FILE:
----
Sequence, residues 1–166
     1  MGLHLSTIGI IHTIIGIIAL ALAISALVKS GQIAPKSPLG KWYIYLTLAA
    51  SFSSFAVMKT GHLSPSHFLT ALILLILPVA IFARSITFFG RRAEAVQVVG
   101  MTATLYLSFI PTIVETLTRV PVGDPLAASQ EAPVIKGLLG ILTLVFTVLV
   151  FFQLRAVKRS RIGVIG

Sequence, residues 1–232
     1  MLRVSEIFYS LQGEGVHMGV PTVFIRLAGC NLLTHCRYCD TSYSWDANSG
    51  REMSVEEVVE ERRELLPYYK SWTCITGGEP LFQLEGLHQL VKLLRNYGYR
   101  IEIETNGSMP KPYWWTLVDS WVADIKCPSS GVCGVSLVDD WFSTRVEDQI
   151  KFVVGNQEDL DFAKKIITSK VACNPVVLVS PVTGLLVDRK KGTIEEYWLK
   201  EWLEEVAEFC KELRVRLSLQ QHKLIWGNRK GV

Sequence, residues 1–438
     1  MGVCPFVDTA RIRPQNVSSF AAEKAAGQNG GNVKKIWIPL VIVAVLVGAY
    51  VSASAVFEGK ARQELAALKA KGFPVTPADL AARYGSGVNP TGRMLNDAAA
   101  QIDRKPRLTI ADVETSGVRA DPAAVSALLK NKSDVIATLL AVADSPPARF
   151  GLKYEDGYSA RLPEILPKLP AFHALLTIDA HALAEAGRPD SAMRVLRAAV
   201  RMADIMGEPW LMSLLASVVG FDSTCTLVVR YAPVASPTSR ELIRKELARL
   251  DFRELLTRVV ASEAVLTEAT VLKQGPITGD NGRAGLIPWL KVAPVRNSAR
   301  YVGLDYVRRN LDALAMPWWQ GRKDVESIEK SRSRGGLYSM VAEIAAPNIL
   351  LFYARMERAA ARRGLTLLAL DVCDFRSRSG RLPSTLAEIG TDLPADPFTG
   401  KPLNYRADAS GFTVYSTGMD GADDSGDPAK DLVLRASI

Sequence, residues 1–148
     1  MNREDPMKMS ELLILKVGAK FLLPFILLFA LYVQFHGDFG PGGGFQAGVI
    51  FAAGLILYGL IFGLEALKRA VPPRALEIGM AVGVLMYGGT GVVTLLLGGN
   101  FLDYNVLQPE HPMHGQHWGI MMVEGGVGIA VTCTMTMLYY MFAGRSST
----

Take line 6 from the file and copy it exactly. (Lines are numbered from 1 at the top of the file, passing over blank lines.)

Sequence, residues 1–232